Nov. 27 (Bloomberg) -- General Motors Co. said the total value of common and preferred stock sold in its initial public offering reached $23.1 billion after underwriters exercised an option to purchase more shares.
The banks bought an additional 71.7 million common shares at $33 each for $2.37 billion and 13 million more preferred shares for $650 million, GM said in a statement yesterday. The amount of common and preferred shares sold was more than the $22.1 billion raised by Beijing-based Agricultural Bank of China Ltd. this year in the biggest IPO of common stock in history.
The underwriter’s purchase increases the amount of stock sold by the U.S. Treasury in the IPO to $13.6 billion, bringing Chief Executive Officer Dan Akerson closer to his goal of returning the $49.5 billion the automaker received in a taxpayer bailout. Detroit-based GM’s shares have climbed 2.4 percent since the company originally raised $20.1 billion on Nov. 17.
“There is a lot of demand right now for the automakers,” said Wayne Wilbanks, chief investment officer at Wilbanks, Smith & Thomas in Norfolk, Virginia, which manages about $1.6 billion. “The stock has held up very well,” since GM began trading, he said.
Morgan Stanley, JPMorgan Chase & Co., Bank of America Corp. and Citigroup Inc. led the GM IPO, an offering that included 35 underwriters, according to filings with the Securities and Exchange Commission.
The automaker’s shares rose 32 cents, or 1 percent, to $33.80 yesterday in New York Stock Exchange composite trading.
GM’s owners, including the U.S. Treasury, the United Auto Workers’ retiree health-care trust, Canada and Ontario sold 478 million shares of common stock on Nov. 17 for $33 each.
The overallotment option brings the total amount of common shares sold to $18.1 billion, the second-largest in U.S. history behind San Francisco-based Visa Inc.’s $19.7 billion IPO in March 2008, data compiled by Bloomberg show. Agricultural Bank of China’s initial offering raised a combined $22.1 billion in Shanghai and Hong Kong last quarter.
The overallotment option lowered the Treasury’s stake in GM to 33 percent from 37 percent, according to SEC filings. The government held a 61 percent stake before the IPO.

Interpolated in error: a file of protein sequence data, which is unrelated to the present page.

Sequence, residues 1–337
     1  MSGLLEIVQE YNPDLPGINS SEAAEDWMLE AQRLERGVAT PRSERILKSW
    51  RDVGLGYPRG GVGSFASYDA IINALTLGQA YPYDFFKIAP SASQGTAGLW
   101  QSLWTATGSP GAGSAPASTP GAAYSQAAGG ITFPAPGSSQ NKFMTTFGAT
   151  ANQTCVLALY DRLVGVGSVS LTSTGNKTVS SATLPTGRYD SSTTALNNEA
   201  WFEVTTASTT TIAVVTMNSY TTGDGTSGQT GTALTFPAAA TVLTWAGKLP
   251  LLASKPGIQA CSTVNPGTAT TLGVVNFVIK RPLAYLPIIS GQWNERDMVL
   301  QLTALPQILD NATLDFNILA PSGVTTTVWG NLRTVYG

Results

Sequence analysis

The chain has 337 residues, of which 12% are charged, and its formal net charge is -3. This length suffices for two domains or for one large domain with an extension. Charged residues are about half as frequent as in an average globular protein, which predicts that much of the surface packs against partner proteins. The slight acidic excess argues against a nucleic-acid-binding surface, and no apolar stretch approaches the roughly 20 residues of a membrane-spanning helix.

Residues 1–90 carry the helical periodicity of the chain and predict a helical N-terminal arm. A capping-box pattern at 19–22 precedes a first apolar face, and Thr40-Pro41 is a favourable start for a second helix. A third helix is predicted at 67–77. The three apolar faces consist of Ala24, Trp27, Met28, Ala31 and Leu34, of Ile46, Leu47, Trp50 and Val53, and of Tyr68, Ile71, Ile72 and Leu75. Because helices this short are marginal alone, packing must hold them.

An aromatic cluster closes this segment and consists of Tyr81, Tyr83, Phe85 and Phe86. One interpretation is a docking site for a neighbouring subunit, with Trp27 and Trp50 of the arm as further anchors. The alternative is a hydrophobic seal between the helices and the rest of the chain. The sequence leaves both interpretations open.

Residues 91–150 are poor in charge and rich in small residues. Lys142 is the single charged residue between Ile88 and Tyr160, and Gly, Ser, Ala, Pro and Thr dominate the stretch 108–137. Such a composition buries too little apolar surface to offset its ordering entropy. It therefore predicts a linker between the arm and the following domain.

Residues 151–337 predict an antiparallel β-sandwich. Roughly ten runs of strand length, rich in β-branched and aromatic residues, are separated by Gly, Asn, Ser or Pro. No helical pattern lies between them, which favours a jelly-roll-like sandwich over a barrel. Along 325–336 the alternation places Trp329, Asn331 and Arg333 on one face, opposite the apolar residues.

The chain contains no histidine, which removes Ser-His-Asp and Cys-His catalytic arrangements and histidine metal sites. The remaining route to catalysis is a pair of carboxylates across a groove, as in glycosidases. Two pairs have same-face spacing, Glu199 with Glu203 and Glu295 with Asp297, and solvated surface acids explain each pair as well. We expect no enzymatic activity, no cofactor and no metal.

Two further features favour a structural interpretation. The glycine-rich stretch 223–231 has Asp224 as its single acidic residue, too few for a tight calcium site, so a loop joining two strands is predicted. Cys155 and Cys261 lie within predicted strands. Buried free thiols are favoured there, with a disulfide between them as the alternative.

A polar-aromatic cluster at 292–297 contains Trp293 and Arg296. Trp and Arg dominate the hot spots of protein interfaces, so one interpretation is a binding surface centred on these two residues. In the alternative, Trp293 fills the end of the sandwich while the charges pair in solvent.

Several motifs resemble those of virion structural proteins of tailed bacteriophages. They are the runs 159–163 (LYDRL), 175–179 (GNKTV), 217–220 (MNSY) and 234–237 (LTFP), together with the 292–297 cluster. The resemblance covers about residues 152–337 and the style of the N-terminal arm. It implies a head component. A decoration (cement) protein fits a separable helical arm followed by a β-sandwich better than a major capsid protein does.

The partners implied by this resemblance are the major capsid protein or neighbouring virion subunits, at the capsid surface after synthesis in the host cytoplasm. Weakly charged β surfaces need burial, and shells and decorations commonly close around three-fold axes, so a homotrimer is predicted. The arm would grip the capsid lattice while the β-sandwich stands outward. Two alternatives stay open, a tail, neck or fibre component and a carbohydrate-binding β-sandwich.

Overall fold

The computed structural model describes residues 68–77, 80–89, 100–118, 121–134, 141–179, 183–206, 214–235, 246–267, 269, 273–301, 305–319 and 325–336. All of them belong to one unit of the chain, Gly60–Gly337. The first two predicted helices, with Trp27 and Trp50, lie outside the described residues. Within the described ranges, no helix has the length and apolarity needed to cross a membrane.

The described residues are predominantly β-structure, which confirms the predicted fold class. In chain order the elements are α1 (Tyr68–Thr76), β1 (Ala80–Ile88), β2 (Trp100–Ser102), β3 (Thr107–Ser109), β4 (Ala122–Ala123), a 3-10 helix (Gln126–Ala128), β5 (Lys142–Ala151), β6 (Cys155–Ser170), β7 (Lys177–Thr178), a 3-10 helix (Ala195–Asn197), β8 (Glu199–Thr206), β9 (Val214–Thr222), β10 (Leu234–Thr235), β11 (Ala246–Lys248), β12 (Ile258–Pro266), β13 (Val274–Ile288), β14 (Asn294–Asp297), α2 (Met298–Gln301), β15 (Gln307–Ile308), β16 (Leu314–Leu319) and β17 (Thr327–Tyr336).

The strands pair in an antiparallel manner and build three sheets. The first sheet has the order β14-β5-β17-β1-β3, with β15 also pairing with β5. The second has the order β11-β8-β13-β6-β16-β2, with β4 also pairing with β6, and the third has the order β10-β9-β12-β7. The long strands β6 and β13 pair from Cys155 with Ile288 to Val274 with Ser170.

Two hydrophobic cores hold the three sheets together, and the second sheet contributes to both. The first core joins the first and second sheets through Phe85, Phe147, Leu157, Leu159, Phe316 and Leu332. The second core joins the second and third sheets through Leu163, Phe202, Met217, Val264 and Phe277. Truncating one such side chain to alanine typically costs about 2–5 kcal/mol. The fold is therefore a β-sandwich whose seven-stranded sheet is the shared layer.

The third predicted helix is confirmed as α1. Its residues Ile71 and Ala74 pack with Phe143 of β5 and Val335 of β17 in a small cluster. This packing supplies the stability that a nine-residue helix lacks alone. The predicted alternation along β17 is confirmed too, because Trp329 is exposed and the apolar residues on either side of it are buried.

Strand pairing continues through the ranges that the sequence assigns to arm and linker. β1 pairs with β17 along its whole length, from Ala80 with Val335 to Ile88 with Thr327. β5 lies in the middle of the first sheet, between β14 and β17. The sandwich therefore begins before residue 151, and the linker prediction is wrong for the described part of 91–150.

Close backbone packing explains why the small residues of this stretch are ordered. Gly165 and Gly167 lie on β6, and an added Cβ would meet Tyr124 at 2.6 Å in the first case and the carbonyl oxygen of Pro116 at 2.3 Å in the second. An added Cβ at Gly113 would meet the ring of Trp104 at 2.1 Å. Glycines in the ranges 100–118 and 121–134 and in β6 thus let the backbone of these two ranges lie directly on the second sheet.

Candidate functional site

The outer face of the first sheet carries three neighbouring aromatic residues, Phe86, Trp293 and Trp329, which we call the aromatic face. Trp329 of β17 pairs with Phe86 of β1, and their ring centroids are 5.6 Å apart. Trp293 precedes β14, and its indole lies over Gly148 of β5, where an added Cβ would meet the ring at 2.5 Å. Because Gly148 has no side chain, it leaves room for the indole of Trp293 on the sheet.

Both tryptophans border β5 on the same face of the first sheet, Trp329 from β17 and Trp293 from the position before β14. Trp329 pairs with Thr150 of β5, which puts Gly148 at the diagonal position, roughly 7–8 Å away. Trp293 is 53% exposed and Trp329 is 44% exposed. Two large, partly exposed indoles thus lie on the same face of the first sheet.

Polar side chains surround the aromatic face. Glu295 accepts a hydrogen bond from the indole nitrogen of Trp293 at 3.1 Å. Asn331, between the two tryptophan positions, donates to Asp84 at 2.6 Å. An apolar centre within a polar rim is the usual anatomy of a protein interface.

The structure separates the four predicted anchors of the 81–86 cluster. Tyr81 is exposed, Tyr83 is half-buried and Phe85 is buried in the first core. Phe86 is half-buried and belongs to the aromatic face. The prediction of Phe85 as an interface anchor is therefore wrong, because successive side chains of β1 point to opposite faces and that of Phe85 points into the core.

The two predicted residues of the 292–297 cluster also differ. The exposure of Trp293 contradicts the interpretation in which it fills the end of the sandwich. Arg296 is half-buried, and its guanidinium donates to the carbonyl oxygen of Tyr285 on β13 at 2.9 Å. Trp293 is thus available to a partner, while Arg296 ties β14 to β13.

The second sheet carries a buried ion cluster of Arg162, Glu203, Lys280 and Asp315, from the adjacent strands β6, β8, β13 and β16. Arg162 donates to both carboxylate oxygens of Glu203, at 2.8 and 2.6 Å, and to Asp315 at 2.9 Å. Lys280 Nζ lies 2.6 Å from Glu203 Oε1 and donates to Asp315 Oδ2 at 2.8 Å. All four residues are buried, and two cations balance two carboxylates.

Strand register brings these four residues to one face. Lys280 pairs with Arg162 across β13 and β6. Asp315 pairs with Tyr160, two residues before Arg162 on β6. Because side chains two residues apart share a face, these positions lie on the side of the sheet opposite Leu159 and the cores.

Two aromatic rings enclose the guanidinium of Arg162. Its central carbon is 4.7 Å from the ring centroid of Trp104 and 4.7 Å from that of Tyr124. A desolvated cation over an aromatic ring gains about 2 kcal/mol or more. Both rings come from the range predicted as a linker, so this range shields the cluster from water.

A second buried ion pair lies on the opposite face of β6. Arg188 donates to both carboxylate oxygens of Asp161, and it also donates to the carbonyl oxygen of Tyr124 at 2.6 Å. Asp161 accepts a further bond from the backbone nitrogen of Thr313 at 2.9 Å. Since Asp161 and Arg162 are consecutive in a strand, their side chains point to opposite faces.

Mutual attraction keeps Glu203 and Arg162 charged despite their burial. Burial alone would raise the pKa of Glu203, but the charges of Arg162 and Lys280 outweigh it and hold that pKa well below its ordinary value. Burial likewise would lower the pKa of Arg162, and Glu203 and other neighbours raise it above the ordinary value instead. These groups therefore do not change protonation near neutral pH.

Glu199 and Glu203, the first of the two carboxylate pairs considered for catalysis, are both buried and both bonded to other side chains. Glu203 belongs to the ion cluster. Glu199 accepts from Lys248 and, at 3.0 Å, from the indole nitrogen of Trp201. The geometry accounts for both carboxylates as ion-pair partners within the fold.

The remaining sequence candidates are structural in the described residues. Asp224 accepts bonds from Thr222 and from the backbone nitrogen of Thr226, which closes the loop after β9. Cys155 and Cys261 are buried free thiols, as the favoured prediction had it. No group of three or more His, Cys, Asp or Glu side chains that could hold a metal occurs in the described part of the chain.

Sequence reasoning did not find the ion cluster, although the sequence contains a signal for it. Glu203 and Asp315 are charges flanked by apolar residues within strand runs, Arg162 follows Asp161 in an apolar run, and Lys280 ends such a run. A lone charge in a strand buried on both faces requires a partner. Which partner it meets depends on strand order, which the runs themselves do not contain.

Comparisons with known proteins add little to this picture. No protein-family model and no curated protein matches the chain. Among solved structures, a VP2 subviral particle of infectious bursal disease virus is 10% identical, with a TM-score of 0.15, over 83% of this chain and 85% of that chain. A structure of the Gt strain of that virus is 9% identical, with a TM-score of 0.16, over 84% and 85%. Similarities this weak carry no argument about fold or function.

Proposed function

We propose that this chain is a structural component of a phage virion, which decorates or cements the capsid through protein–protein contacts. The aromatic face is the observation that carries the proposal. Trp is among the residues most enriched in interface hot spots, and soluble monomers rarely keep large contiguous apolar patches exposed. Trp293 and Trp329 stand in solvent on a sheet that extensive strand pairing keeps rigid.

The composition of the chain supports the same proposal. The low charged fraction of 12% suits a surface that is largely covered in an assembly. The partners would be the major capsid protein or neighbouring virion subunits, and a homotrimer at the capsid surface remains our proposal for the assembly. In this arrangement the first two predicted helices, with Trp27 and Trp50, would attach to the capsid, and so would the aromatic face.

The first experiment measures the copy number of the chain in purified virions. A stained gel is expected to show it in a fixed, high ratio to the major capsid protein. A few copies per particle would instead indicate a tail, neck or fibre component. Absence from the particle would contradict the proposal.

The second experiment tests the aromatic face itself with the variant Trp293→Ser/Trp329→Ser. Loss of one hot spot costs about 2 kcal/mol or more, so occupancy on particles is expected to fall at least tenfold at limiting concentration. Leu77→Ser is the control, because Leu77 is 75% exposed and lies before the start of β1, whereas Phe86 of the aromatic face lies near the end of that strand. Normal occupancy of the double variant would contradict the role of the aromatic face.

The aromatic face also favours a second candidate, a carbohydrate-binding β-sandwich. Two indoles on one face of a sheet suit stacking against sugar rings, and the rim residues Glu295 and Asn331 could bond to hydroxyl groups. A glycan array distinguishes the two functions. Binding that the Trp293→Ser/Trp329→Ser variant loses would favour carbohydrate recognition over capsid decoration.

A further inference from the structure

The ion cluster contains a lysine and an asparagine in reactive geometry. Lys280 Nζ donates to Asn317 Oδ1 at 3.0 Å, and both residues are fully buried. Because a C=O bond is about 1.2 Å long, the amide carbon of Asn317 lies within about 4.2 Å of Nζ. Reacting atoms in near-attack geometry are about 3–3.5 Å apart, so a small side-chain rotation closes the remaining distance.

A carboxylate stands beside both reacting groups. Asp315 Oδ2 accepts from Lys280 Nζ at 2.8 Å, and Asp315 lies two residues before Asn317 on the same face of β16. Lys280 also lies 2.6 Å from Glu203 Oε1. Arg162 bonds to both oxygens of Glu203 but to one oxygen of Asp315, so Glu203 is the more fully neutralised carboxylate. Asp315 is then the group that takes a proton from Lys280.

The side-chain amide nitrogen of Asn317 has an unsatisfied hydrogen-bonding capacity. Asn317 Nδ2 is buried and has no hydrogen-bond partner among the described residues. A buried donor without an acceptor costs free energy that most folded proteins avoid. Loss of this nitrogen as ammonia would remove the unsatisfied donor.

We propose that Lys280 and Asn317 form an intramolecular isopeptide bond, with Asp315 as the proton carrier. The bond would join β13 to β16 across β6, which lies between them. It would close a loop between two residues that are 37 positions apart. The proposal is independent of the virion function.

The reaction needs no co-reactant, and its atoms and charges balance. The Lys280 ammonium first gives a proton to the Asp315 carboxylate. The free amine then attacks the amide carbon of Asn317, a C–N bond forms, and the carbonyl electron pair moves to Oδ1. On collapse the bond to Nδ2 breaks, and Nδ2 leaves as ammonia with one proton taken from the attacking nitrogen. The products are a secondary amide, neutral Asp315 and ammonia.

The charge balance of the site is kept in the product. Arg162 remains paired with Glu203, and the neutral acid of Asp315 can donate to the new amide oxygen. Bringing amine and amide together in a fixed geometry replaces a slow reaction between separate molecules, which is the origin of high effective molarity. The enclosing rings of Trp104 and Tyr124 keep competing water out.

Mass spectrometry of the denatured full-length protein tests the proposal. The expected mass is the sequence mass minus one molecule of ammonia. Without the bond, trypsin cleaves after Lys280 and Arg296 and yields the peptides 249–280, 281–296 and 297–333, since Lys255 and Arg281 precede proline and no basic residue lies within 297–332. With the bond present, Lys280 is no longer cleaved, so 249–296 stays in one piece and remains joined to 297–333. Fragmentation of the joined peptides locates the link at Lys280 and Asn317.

The UAW trust’s holdings dropped to 13 percent with the option from 14 percent, filings show. It had a 20 percent stake in GM before the IPO.
General Motors Corp. filed for Chapter 11 bankruptcy protection on June 1, 2009, after the failure of New York-based Lehman Brothers Holdings Inc. in September 2008 froze credit markets and helped cause the longest recession since the Great Depression.
The Treasury needed to sell all of the GM shares it held at an average price of $43.67 to break even on its investment. That would require its remaining 500 million shares to be sold at $53.07 each, 57 percent higher than yesterday’s closing price.
GM reported third-quarter net income of $2.16 billion this month, bringing its earnings this year to $4.77 billion. While the company will have positive earnings before interest and taxes in the fourth quarter, they will be “significantly lower” than the first three quarters of the year, Akerson said on a Nov. 10 conference call.
The automaker sold shares after the Standard & Poor’s 500 Index rose to a two-year high this month on speculation the U.S. economy won’t slip back into a recession. The benchmark gauge for U.S. equities slipped for the third time in four days yesterday amid mounting concern about Europe’s debt crisis and increasing tensions in Korea.
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